It was during a football game on a muggy and typically smoggy evening in Beijing during the late summer of 2013 that I was offered the 'exclusive' chance to film the Chancellor's visit to a Chinese nuclear power plant. I wasn't the only British correspondent based in Beijing being tapped up to give much-needed publicity to a visit from a UK govt minister. Back then, trade ties between Downing Street and Beijing had been effectively cut for almost a year and a half, after David Cameron had met the Dalai Lama. A symbolic short chat with the spiritual leader of Tibet during his trip to London had plunged Britain into the diplomatic deep freeze. While ministerial visits were suspended, exasperated British embassy officials in Beijing began the slow process of rebuilding relations. At one frosty meeting a British diplomat asked his counterpart what China hoped to gain from this great sulk. After all, the UK was turning to Japanese and Thai diplomats for a read out of the latest information on Beijing's policies. The Chinese foreign ministry apparatchik tuned and snarled "We don't need to impress you". On another occasion, a couple of years previously, a British minister has been shouted at during what was meant to be a diplomatic visit for having the audacity to raise the issue of human rights.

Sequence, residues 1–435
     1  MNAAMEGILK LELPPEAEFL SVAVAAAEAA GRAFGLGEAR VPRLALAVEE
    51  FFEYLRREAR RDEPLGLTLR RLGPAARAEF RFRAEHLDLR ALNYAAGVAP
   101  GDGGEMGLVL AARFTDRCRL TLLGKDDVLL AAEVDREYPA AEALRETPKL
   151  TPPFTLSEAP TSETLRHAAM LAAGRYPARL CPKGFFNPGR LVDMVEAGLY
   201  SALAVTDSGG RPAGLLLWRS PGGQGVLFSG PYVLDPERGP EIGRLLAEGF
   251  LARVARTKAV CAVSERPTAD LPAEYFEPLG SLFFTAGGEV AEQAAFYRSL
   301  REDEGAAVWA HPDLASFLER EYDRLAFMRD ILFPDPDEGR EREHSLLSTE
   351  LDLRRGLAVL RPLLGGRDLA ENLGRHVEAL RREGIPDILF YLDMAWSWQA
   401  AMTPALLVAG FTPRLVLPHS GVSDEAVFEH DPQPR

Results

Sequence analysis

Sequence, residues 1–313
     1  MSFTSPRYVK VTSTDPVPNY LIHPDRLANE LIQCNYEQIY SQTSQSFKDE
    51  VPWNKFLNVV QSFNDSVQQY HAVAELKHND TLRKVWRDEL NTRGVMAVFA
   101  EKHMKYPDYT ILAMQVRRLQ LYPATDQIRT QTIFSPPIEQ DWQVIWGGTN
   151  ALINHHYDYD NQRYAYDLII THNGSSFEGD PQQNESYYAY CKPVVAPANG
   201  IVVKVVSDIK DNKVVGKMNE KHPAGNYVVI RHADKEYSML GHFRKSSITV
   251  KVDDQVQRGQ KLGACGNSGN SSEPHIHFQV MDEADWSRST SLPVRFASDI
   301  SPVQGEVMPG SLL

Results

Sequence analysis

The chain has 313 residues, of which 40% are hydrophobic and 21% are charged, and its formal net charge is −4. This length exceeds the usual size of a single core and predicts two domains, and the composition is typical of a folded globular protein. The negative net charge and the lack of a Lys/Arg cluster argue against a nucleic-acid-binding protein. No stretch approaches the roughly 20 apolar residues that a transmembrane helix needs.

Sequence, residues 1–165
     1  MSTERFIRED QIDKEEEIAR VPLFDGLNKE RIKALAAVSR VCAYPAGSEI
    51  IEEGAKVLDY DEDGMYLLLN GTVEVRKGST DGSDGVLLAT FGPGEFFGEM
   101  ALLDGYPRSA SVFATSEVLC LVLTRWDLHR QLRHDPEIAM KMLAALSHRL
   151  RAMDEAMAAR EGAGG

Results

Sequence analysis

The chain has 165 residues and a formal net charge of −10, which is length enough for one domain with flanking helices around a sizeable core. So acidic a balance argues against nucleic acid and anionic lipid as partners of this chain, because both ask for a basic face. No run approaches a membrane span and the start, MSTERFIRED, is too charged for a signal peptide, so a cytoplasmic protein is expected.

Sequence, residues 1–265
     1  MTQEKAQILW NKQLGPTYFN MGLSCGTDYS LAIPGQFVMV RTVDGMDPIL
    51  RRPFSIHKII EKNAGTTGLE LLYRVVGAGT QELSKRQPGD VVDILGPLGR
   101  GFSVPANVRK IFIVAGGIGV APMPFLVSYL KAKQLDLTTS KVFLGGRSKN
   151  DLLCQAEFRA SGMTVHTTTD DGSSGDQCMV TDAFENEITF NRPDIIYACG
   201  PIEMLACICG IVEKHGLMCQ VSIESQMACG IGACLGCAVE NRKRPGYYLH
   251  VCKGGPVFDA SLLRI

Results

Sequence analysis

Now, relations thawed, it seems we cannot do enough to impress China, perhaps fearful of being frozen out again. The sight of a communist party leader being wheeled down the Mall in a gilded carriage shows just how far the UK has gone to repair the damage of recent years. It shows the lengths Downing Street will go to in order to make political amends. Back in China this will also garnish President Xi's nationalist strong-man image, the footage of the bows and handshakes will be presented as showing just how the UK has been 'house trained' and tamed. The red carpet will look very red indeed on Chinese state TV.
So the nuclear deal, the highlight and headline generator of the publicity around the Chancellor's 2013 visit, has been reheated. The Chinese are building up to eight nuclear plants a year, 110 will be in operation by 2030 according to the latest claims by the Chinese government. Building one more is not a big deal. The bigger picture, and what's far more important to Xi and the all-powerful Party, is that the British are now showing suitable respect to the world's second largest economy. After all, every Chinese schoolchild is taught about the "100 years of humiliation" by colonial powers. China's policy making takes every opportunity to ensure it will never gain be humiliated. It's a key motivation at the heart of ensuring the Communist Party's survival.
It's worth remembering that no one-party state has held power for more than 70 years in human history. The Chinese communist party knows that only by projecting its economic control can it keep the people on side; with the promise of growth and prosperity, instead of political freedoms. The Chinese flag has five stars, four for the workers, soldiers, intellectuals and farmers but the largest star represents The Party. President Xi's visit will be seen through the filter of state media as indeed the start of a new 'golden era' when the power of power station deals can conquer old enemies.
Angus Walker was a correspondent for ITV news for 13 years and was China Correspondent between 2010 - 2013